Temporary Relief Act during the Famine - The Last Conquest of Ireland (Perhaps)

John Mitchel
Author’s Edition (undated)

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blessings with them. In vain! "Government" and political economy got hold of the contributions (of prayers and blessings neither Government nor political economy takes any account), and disposed of them in such fashion as to prevent their deranging the calculations of political circles. For example: the vast supplies of food purchased by the "British Relief Association," with the money of charitable Christians in England, were everywhere locked up in Government stores. Government, it seems, contrived to influence or control the managers of that fund; and thus, there were thousands of tons of food rotting within the stores of Haulbowline, at Cork Harbour; and tens of thousands rotting without. For the market must be followed, not led (to the prejudice of our Liverpool merchants)!—private speculation must not be disappointed, nor the calculations of political circles falsified!

All the nations of the earth might be defied to feed or relieve Ireland, beset by such a Government as this. Suppose America tries another plan;—the ship "Jamestown" sails into Cork harbour, and discharges a large cargo, which actually begins to come into consumption; when, lo! Free Trade—another familiar demon of Government—Free Trade, that carried off our own golden harvests of the year before—comes in, freights another ship, and carries off from Cork to Liverpool a cargo against the American cargo. For the private speculators must be compensated; the markets must not be led; if these Americans will not give England their corn to lock up, why, she defeats them by "the natural laws of trade!" So many Briarean hands has Government;—so surely do official persons, understanding book-keeping by double entry, work their account.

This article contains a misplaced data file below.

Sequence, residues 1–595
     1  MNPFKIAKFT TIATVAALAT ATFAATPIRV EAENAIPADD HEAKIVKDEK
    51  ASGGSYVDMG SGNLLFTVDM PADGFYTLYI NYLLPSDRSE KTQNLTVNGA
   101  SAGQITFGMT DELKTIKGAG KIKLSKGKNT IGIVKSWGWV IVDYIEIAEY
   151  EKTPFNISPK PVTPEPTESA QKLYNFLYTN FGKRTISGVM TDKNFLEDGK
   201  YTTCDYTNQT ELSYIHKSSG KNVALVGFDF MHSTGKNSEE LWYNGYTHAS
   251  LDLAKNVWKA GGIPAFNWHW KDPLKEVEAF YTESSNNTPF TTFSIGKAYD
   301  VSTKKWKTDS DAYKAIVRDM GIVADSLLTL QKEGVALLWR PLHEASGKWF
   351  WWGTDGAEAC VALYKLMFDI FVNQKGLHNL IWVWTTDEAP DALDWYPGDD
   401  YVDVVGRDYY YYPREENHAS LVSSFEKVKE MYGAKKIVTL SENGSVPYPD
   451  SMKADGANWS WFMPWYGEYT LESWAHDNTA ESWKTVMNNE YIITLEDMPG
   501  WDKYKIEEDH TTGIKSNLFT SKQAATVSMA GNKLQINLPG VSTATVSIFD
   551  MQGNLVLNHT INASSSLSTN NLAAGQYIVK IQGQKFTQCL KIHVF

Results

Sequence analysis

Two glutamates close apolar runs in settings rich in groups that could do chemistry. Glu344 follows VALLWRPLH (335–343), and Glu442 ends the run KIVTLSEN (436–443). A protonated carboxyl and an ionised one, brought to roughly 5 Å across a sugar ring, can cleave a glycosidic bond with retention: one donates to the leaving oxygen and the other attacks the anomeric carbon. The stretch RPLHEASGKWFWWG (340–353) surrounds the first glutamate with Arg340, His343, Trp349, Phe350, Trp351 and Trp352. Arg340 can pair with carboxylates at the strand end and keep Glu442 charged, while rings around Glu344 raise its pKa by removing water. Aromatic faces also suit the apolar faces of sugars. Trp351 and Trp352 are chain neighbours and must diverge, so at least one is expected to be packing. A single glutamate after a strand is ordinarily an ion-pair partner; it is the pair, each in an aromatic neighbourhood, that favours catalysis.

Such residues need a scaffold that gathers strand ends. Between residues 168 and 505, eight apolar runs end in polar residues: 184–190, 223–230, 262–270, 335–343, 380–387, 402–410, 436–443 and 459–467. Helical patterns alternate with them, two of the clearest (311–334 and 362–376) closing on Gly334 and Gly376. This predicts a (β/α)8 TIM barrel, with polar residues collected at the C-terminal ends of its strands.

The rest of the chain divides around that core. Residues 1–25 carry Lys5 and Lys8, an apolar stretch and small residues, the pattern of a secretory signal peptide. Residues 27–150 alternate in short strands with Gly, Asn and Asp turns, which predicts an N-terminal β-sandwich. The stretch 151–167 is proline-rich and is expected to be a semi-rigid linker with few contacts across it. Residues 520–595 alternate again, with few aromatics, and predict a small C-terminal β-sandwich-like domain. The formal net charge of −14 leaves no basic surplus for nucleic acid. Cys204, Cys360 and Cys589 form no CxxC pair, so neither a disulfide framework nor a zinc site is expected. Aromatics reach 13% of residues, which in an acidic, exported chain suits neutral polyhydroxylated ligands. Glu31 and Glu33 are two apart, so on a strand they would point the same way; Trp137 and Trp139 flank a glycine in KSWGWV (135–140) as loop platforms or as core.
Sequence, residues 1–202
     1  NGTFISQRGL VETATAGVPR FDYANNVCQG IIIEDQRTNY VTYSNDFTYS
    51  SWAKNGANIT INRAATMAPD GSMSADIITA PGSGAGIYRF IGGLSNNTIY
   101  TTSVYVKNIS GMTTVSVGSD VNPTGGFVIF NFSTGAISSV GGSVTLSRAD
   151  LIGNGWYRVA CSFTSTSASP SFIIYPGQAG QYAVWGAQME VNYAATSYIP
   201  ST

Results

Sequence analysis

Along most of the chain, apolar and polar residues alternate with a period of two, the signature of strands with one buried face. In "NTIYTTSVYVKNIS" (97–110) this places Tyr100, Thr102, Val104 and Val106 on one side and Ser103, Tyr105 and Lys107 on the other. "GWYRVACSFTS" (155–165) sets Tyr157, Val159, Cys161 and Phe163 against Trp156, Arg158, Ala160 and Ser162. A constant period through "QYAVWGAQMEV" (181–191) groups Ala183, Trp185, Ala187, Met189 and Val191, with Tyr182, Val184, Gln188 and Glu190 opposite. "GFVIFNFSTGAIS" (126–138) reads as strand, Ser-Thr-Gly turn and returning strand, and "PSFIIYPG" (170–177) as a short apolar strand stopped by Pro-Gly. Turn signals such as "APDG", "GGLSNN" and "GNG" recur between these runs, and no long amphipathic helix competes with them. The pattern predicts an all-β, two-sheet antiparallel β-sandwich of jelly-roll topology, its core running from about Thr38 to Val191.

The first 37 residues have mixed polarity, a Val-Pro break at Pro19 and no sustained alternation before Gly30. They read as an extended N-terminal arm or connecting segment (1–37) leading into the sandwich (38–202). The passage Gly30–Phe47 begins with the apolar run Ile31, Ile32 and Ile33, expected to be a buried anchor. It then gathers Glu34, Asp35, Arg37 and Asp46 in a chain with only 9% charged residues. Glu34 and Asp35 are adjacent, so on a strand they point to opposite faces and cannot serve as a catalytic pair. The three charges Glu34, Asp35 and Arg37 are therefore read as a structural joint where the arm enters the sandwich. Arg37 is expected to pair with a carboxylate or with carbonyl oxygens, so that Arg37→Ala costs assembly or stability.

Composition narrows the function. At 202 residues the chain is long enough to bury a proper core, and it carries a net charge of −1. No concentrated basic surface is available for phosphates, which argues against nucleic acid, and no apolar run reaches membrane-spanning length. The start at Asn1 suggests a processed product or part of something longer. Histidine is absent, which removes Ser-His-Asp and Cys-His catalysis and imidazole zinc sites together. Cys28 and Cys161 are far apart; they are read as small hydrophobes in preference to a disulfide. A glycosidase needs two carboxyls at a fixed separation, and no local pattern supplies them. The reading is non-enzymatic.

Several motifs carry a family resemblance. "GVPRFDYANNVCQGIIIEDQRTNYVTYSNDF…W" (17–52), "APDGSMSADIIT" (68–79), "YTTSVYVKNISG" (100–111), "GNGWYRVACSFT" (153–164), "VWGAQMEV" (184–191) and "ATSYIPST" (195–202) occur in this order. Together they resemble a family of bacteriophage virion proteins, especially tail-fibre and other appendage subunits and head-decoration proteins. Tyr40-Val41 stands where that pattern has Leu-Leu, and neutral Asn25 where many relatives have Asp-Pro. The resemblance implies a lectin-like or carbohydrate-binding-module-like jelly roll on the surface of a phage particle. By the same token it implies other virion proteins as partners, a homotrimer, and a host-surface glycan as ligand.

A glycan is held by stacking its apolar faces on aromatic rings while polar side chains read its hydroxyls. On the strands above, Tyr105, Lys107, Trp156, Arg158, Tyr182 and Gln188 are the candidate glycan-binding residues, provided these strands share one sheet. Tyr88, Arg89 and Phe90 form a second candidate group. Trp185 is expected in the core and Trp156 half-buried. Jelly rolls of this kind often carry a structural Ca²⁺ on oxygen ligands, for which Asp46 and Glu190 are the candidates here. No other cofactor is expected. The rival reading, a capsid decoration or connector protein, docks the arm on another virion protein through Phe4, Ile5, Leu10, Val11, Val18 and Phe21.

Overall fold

Private charity, one might think, in a country like Ireland, would put out the calculating Government sadly; but that too, was brought in great measure under control. The "Temporary Relief Act," talking of eight millions of money (to be used if needed)—distributing, like Cumaean Sybil, its mystic leaves by the myriad and the million,—setting charitable people everywhere to con its pamphlets, and compare clause with clause,—putting everybody in terror of its rates, and in horror of its inspectors,—was likely to pass the summer bravely. It would begin to be partly understood about August; would expire in September:—and in September the "persons connected with Government" expected their round two millions of carcasses.

A further piece of the machinery, all working to the same great end, was the "Vagrancy Act," for the punishment of vagrants,—that is, of about four millions of the inhabitants,— ...continue reading »

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